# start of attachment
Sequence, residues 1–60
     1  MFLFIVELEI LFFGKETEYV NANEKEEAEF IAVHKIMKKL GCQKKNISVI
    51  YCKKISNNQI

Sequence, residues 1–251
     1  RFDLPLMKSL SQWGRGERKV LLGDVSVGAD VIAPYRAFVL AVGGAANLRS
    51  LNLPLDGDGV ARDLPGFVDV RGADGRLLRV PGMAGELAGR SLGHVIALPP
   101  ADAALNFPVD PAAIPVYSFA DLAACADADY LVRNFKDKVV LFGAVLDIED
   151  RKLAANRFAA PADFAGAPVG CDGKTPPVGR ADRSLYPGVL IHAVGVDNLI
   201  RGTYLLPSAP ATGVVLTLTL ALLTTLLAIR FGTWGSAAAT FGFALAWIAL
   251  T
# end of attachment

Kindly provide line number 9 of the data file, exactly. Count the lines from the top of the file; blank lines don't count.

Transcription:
   201  RGTYLLPSAP ATGVVLTLTL ALLTTLLAIR FGTWGSAAAT FGFALAWIAL